Notes from Underground: Zines and the Politics of Alternative Culture

Stephen Duncombe (Author)
Available

Description

"Zines and underground culture offer up an alternative, a way of understanding and acting in the world that operates with different rules and upon different values than those of consumer capitalism. It is an alternative fraught with contradictions and limitations...but also possibilities." In the first comprehensive study of zine publishing, Stephen Duncombe explores the history and theory of subterranean cultural production. From their origins in early 20th century science fiction fandom, their more proximate roots in '60s counter-culture and their rapid proliferation in the wake of punk rock, Notes from Underground pays full due to the political importance of zines as a vital network of participatory culture, and analyzes how zines measure up to their utopian outlook in achieving fundamental social change. Packed with extracts and illustrations, Duncombe provides a critical overview of the contemporary underground in all its love and rage.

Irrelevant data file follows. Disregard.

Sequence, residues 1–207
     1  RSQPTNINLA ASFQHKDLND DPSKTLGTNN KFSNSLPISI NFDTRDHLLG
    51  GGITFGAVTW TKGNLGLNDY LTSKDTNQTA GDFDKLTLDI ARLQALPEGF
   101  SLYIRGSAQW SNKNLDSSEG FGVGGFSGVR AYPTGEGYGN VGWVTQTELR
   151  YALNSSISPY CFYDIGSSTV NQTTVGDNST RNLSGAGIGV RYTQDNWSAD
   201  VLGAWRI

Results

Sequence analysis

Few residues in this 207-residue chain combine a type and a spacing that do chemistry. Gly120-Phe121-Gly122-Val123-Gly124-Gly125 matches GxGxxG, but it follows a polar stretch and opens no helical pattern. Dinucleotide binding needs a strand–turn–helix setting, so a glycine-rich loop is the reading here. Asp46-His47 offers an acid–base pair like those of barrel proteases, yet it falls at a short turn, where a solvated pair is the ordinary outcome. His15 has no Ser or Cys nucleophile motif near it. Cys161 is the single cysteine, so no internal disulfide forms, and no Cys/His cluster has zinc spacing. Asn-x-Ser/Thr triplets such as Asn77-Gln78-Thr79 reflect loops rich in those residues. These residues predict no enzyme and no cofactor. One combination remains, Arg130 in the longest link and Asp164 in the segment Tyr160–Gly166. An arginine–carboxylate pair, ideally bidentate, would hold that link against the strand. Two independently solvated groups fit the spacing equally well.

Product Details

Price
$19.95  $18.35
Publisher
Microcosm Publishing
Publish Date
November 28, 2017
Pages
256
Dimensions
6.0 X 0.8 X 8.9 inches | 0.88 pounds
Language
English
Type
Paperback
EAN/UPC
9781621064848
BISAC Categories:

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About the Author

Stephen Duncombe is an associate professor at New York University's Gallatin School in the department of Media, Culture and Communications and is a lifelong political activist. He is the author and editor of six books including Dream: Re-Imagining Progressive Politics in an Age of Fantasy, Notes From Underground: Zines and the Politics of Underground Culture, The Bobbed Haired Bandit: Crime and Celebrity in 1920s New York, Cultural Resistance Reader, White Riot: Punk Rock and the Politics of Race, and (Open) Utopia. He lives in New York City.

Reviews

"It was punk rock that gave us the current zine explosion, with its emphasis on authenticity, sneering disdain for slickness and consumerism, and determination to forge a community based on these principles...clever and funny...we'll always need the malcontents to show us creative ways to flip the bird to Massa." -High Times
"A timely new critical study...throws some light on the current state of zines and what's at stake. Duncombe, a professor of American Studies and a zine-maker himself, locates zines within a wider bohemian tradition, and maps out both the potential and the limits of their cultural radicalism." -The Atlantic
"Readers are introduced to a remarkably diverse world of zines and their publishers, whose interests run the gamut: crusading for anarchy in our time, or for the revival of the eight-track tape...but for all of these subjects, silly or serious, Dr. Duncombe argues that zines represent a model of participatory cultural production." -Chronicles of Higher Education